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Dressage/tongue out

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  • Dressage/tongue out

    At 4 years of age my now 20 year old thorougbred mare had a crash over a fence with her previous owner and suffered a severe gash on the left side of her mouth which required stitches. She started hanging her tongue out ever since and there is also an indentation where the stitches were. We have had a good career as a hunter and are now learning dressage. Have been to three shows with no comment or mark down from first judge; second show it was mentioned frequently and were marked down; third show judge asked about tongue and had great scores and no markdown. She hangs her tongue out even without the bit. Is it proper to inform judge before test why she hangs her tongue out? I am not discouraged by this and will keep showing; we have been together a long time. Just wondering if anyone has any input.

  • #2
    I had a horse with a similar problem, and we got dinged for it in almost every test we ever did. Even if you inform the judge beforehand, the problem is that the rules specifically list the tongue being out as a serious fault, so I'm not sure it'll make any difference.

    DR 116.2a:
    Putting out the tongue, keeping it above the bit or drawing it up altogether, as well as grinding the teeth or agitation of the tail, are mostly signs of nervousness, tension or resistance on the part of the horse and must be taken into account by the judges in their marks for every movement concerned, as well as in the collective mark for “submission”.


    • #3
      What about getting something from your vet documenting the reason for the tongue being out?
      "The captive bolt is not a proper tool for slaughter of equids they regain consciousness 30 seconds after being struck fully aware they are being vivisected." Dr Friedlander DVM & frmr Chief USDA Insp


      • #4
        I'd tell the judges when possible. A good judge, once notified, will watch and see if it's tension or from the problem you describe to them.
        "And I'm thinking you weren't burdened with an overabundance of schooling." - Capt Reynolds "Firefly"


        • #5
          Check the FEI new 'rules' about mouth problems.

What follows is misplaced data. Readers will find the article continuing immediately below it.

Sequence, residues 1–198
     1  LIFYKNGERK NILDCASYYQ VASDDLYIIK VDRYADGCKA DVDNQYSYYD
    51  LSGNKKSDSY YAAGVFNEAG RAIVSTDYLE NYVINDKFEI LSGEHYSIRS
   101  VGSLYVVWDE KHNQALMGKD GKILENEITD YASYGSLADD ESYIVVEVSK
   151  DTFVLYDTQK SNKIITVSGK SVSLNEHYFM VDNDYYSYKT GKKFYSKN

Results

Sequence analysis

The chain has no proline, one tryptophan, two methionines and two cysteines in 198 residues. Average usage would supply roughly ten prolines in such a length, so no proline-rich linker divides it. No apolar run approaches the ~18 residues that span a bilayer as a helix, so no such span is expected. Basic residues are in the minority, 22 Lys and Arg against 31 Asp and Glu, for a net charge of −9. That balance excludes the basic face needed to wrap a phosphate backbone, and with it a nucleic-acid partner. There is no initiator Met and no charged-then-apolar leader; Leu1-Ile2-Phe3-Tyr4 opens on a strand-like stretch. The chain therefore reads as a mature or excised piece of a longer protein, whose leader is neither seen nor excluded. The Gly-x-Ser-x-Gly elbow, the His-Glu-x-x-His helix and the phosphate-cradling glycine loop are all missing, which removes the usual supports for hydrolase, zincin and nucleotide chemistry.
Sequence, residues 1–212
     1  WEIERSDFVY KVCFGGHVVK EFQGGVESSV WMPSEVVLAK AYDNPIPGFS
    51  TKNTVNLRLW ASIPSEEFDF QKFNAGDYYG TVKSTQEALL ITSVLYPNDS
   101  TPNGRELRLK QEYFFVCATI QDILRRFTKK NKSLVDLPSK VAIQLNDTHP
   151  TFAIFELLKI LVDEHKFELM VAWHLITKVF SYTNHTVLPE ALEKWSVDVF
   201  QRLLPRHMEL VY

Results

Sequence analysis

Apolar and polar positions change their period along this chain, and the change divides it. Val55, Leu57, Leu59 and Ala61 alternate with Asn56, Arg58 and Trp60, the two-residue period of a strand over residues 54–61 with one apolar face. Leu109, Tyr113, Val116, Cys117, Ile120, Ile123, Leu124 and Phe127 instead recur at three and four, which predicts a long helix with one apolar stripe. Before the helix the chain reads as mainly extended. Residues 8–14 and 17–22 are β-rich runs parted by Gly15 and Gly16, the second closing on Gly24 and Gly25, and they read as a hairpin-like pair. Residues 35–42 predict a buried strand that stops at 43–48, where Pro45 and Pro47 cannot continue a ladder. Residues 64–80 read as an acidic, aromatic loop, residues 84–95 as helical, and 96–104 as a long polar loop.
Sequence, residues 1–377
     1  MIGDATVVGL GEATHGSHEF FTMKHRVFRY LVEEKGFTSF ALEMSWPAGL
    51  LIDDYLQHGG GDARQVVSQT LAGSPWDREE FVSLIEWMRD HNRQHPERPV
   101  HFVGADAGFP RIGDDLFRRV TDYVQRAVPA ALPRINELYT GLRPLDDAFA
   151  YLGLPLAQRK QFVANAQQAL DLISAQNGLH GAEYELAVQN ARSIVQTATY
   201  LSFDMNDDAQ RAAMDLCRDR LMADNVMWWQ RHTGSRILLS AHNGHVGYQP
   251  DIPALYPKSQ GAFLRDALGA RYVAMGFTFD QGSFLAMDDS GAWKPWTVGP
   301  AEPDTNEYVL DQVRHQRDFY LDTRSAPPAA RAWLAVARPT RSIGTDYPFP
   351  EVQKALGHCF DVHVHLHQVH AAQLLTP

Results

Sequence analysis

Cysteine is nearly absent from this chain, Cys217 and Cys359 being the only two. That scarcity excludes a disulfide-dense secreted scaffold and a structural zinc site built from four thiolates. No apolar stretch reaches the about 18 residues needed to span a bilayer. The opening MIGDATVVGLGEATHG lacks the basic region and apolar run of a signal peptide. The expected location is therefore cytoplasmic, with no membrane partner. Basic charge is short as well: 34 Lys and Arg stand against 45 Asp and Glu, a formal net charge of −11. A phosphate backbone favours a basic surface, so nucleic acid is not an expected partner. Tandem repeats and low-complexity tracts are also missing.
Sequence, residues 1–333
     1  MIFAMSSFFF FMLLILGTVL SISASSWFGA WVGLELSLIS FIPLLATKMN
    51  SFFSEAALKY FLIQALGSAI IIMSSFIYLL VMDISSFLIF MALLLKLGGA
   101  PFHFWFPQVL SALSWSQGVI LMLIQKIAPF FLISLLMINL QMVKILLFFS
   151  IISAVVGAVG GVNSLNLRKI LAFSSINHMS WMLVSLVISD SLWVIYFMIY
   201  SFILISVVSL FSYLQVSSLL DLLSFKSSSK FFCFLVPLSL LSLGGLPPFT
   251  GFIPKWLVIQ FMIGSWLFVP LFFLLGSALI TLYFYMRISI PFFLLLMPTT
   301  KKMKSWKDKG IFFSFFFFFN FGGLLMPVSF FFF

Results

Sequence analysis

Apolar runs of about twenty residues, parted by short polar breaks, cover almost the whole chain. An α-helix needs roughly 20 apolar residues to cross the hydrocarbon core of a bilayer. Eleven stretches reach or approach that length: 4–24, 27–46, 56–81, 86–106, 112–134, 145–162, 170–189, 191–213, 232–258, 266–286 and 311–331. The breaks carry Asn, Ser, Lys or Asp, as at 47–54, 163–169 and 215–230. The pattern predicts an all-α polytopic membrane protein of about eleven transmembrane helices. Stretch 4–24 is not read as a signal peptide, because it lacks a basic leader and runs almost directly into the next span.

Things are evolving and you might not be marked down that much if your riding and contact is correct.

          I wonder if with a vet note you could get some sort of an exemption or something for that tongue problem?...


          • #6
            Originally posted by AlterBy View Post
            Check the FEI new 'rules' about mouth problems.
            Things are evolving and you might not be marked down that much if your riding and contact is correct.

            I wonder if with a vet note you could get some sort of an exemption or something for that tongue problem?...
            They don't make those sorts of exemptions. Neither should they. Really, if your horse has an issue that makes it not fit within the rules, then that's your tough luck and you don't have to show it. I think that's actually better than making exceptions for every horse that comes along. If mine is a little off from a permanent problem, but it doesn't hurt him and he doesn't need injections or drugs, should I go in and not get marked down for a lame looking horse? Maybe someone else will come along and use the same excuse and get a crooked vet to back them up, but the horse really is lame and in pain? Where would that line be drawn?

            In this situation, the rider can mention it to the judge and accept the consequences. I the judge thinks it looks more medical and not tension related, then they can allow, but if not, then they get marked down. That's the risk. That's what happens when your horse doesn't conform to the rules.

            In the end, we should all have sound horses going in the ring and ones that are showing the art of dressage (meaning no major and permanent looking tension from bad training, etc.).
            "And I'm thinking you weren't burdened with an overabundance of schooling." - Capt Reynolds "Firefly"